Focusing on the evolving habits of content users within work and academic settings, Strouse provides ideas on how information providers can be part of this user evolution. He centers on the following four broad trends, or shifts, that Outsell has identified as factors affecting how content users are seeking out information:

• Users are increasingly seeking out content available in electronic formats.

• Users prefer searching over navigating.

• A social publishing movement has been created that is extending well beyond the bounds of traditional publishing.

• Users are becoming increasingly efficient at making good information choices.

Strouse looks at each of these areas and offers suggestions, insights, and perspectives. He writes, "Age is one factor in an end user's likelihood to prefer the self-service model" of information gathering. As Strouse emphasizes throughout, while some traditional info pro roles are fading into the sunset, there is an abundance of new and challenging functions waiting for those who keep their finger on the pulse of the user and look for continued ways to empower them.

Is Virtual Chat Still Where It's At?

Did your library or media center jump onto the virtual chat bandwagon? Are you thinking about hopping aboard? Or maybe about pulling in the reigns and putting the horses out to pasture? Before you do anything, read "To Chat or Not to Chat: Taking Yet Another Look at Virtual Reference" (Searcher, September 2004) by Steve Coffman and Linda Arret. As Coffman and Arret point out, "[C]hat reference has not turned out to be the panacea many of us hoped for." Which begs the question, "Now what?"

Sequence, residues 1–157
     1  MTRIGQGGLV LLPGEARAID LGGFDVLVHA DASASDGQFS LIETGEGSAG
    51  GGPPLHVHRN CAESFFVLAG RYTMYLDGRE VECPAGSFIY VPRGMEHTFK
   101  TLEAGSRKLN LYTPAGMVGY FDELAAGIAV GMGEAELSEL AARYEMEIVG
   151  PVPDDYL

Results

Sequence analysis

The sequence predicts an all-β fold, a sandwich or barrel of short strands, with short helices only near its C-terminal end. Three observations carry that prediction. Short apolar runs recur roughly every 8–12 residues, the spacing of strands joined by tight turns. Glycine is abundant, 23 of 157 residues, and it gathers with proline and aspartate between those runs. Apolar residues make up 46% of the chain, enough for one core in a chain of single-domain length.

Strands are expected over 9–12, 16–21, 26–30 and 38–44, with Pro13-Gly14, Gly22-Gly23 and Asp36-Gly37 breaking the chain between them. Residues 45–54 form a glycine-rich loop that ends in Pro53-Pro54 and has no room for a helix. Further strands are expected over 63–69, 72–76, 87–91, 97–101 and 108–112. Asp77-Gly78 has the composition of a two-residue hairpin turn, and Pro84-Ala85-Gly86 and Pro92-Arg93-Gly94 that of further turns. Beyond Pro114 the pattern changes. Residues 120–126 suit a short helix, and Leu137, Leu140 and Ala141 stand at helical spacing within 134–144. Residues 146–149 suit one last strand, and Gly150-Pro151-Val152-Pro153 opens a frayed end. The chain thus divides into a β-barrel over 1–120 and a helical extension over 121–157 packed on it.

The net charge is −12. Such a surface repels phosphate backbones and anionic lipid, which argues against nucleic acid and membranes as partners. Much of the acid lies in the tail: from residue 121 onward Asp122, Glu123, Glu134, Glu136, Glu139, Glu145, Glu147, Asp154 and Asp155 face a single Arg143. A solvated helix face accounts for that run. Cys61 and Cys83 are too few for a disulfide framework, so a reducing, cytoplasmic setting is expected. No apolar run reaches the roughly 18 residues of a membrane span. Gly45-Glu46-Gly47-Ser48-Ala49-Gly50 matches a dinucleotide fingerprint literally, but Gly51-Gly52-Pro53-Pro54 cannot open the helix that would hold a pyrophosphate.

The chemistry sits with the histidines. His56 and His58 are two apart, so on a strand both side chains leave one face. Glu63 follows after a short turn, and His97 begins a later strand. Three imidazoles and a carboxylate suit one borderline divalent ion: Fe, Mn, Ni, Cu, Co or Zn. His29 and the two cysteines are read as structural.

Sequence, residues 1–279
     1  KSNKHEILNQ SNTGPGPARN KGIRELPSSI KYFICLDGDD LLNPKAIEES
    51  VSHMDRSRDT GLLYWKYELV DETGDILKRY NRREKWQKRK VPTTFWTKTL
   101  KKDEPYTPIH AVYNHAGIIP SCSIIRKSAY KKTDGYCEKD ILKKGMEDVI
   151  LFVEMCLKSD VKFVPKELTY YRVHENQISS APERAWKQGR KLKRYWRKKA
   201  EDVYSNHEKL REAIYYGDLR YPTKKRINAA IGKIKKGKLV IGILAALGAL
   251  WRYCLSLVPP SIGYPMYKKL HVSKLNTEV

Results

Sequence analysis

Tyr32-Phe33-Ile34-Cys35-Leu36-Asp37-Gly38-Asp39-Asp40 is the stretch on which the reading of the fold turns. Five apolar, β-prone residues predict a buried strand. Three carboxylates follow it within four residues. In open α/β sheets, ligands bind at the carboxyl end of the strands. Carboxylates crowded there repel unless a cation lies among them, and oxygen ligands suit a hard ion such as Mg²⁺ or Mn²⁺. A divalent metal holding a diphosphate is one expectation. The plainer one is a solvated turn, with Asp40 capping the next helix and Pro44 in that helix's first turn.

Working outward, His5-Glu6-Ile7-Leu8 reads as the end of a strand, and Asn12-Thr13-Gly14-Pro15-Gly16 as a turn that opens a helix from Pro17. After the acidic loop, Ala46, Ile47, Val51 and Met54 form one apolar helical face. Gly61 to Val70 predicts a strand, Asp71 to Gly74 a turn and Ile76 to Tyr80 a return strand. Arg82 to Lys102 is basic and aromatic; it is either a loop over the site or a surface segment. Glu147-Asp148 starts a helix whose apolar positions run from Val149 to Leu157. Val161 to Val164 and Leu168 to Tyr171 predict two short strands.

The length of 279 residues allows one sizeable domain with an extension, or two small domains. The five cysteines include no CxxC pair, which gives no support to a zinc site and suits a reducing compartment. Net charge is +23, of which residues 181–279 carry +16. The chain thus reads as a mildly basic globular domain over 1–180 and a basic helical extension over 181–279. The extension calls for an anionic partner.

This thoughtful article, presented within a pros-and-cons framework, doesn't take sides or promote one option over another. Instead, it summarizes all the possibilities, pointing out what's good and bad with each. If it's too early to "pull the plug," Coffman and Arret make suggestions that could help improve the way chat works, such as bringing marketing into the fray or reducing costs through combining staff with the reference desk or joining a consortia.

If you haven't committed to virtual chat yet, the pair highlight alternatives. They point out that answering the phone is still a great way to serve patrons, requires no special technology or training, and enables questions to be answered more quickly. Working on making e-mail more efficient and improving self-service are two other areas discussed in the article. Finally, some bottom-line questions are asked: What are you trying to accomplish? Is virtual chat the most effective way to accomplish this purpose? How will implementing virtual chat impact your staff? What is the trade-off (cost-wise) of setting up chat compared to other programs and services the library could otherwise implement?

As Coffman and Arret conclude, the answer is not to simply discard chat to chase after the next greatest thing. "The answer is that we all need to give the whole issue of how best to provide reference services careful thought and analysis." Reading this article surely will help you in this process.

"Rock-a-Bye Baby ..."

Well, now that my work here is done for another month and my crazy summer schedule is waning, it looks like I'll have some free time on my hands. With any luck, some of my new-parent friends might be ready for a night out and "Aunt Lauree" will be at the top of their baby-sitting call list. Just to be prepared, I think I'll start brushing up on my lullaby and nursery rhyme repertoire.


Lauree Padgett is Information Today, Inc.'s manager of editorial services. Her e-mail address is